[BILLY]:
My mom always tells me, if you’re going to talk about me on your podcast, tell good stories, not all the bad. And I said no, the people like all the stories, so. Well, we talk a lot about first half and second half of life living, and just in your first half of life you think you know everything, and you’re going out there in the world and then usually something happens – a pivotal moment. And it usually comes in the form of some kind of pain, or shift, or a moment when we realize life… we’re not getting what we thought we wanted out of life, and we do have to make a shift. You talked about missing out on things in that first half of life. What were you missing out on? And what brought about the shift in the way you saw the world?

[TOM]:
I definitely think the shift was brought on by the loss of my dad. So I lost my dad to cancer. We had a few years with him at the end there, but he died at the age of 62, and I was in my mid 30s at that time. And it just struck me that life is not forever, that we all only have a limited amount of time and we never know when that time is. And so that really opened my eyes up and it said, hey, if I’ve only got, you know, another 25 years left, how do I want to live this? And I spent a lot of time talking with a dear friend of mine, he was like a brother. We had become friends in high school, and I don’t think there was a week that went by since that we hadn’t talked together. And then he got diagnosed with terminal cancer – same thing Walter Payton had. So Christmas, he wasn’t feeling well and by St. Patrick’s Day, Brian was gone. And one of the things I realized at that point was that, you know, one of the things that we had talked about, Brian and I early on was, what retirement was going to look like. And we joked around that we couldn’t retire because our golf games weren’t good, and if we stuck around the house all the time, our wives would kill us. So we were both entrepreneurs, and liked doing things, and so we decided that for us, retirement was going to be doing fun things with interesting people, and writing it all off as a tax expense. So with that, when I turned 50, just four years ago, I looked at it and I said, I’m going to consider myself retired now. I’m only going to do fun things with interesting people, and write it all off as a business expense.

[BRANDY]:
You may be my hero, like, that is such an inspiring story, just creating the life that you want. And doing it with purpose. You have a purpose that’s larger than golf games, and being out of the house, and doing what you want. You are connecting people, giving them information, like you said, and opening up a world of relationships through a podcast.

[BILLY]:
Yeah. So how do you go from an aircraft carrier to Interview Valet where you work in the podcasting world? That’s a big jump.

[TOM]:
It’s a big jump, and it happened over a couple of decades. And really, in hindsight, it all makes sense. So I started as an engineer and I loved the education, I loved the processes, but I longed for the connection. Engineers aren’t known as being the most lovable and open people. And in the same way, I thought, okay, growing up in the Midwest, I thought job security meant having a stable employer. So I left the Navy, and then went to work for a Fortune 500 company. And it was a stable job.. All I had to do was stick around there, but I felt like I was trapped inside a building. Instead of being on a ship, now I’m in a building. And if you didn’t work in that building, if your kids didn’t go to school with my kids, if you weren’t a next door neighbor, or sat a pew in front of me or behind me at church, I probably didn’t know you and I just felt like I was isolated.

And so I had the opportunity to go into more sales and marketing which really opened my world up again, and I loved it. I thrived there, and had a company and we were one of the early companies to use inbound marketing – I was an e commerce company – and so that’s where I learned the marketing side of it. We built that company up from a regional player to a national leader. And after I sold that company, I started to think that with content marketing, the hack we used to use back in 2000-2005 was guest blogging. Instead of putting a blog up on your own site and getting it seen by three people – thanks, mom – put it on somebody else’s site. So I started to hypothesize right around 2013-2014 that you could use podcast interviews the same way. And so we really started to test that, refine the system, and really, it grew into what we do at Interview Valet now. It’s almost like guest blogging, but on podcasts.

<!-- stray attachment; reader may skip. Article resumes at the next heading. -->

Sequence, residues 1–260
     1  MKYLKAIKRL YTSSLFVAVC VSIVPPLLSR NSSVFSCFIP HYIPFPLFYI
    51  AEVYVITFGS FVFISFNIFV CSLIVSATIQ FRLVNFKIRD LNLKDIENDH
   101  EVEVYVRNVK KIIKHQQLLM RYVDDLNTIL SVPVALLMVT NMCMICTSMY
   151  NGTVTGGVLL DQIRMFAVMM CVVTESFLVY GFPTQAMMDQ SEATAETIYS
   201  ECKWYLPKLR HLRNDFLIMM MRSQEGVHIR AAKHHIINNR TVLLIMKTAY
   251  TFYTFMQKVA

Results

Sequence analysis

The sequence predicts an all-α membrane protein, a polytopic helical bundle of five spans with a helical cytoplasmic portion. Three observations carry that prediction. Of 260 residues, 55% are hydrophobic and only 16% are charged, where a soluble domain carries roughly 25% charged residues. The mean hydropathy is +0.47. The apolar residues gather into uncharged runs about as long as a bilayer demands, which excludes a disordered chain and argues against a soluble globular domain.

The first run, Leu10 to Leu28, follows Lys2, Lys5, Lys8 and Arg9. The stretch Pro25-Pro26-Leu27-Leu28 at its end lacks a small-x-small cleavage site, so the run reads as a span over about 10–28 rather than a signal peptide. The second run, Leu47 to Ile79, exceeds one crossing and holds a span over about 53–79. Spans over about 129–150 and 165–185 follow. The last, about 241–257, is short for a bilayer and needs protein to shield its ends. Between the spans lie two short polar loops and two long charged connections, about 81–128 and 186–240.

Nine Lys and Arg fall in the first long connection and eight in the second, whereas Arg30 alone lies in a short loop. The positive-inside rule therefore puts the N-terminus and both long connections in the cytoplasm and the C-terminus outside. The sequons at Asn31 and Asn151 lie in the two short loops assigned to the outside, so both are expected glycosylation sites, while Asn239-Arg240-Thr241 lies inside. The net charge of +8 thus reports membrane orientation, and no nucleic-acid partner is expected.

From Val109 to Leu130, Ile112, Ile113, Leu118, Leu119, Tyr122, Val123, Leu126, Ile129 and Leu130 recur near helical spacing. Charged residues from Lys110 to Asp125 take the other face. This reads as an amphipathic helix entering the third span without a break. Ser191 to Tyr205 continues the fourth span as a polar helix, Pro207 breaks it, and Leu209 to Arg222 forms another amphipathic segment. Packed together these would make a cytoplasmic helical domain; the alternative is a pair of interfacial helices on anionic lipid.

[BILLY]:
Yeah. So in moving from an aircraft carrier, you’re stuck there, to a building, you’re stuck there, how does your life look different today, in the way you structure it and the way you work – what freedoms do you have now that you didn’t have before?

[TOM]:
Well, I think it’s not just me, but everyone. So even 10 years ago, work was where you went, not what you did. The technology wasn’t advanced enough. The Internet wasn’t strong enough. And I think, if 2020, that pandemic, would have hit five years earlier, it would have looked drastically different because we couldn’t work from home, we couldn’t do a lot of these things. Now, I really look at it as this has pushed us, you know, 5-10 years ahead in remote work. We’ve got a remote team here, so everything I do, I can do from home, but my wife and I, we’re empty nesters now, and one of the things that we always have been trying to do is live remotely one week out of every month. So one week out of every month, we’ll live in a different city. And we can still work with that but we get to see friends, we get to meet people. Like, if we’re in Texarkana, we could work there just the same, and meet you in real life. Now, granted, the COVID things have changed that a bit, for the short term, but I’m confident that we’ll be able to do that. So I think for everybody, it’s like, it’s not so much work-life balance, or how many hours am I at the factory and how many hours I’m at home. It’s more like work-life integration. We can do so many things from our phone, from our laptops. And really, today people really don’t care if you’re in a cubicle or if you’re on the beach, on your computer, just so long as the work gets done.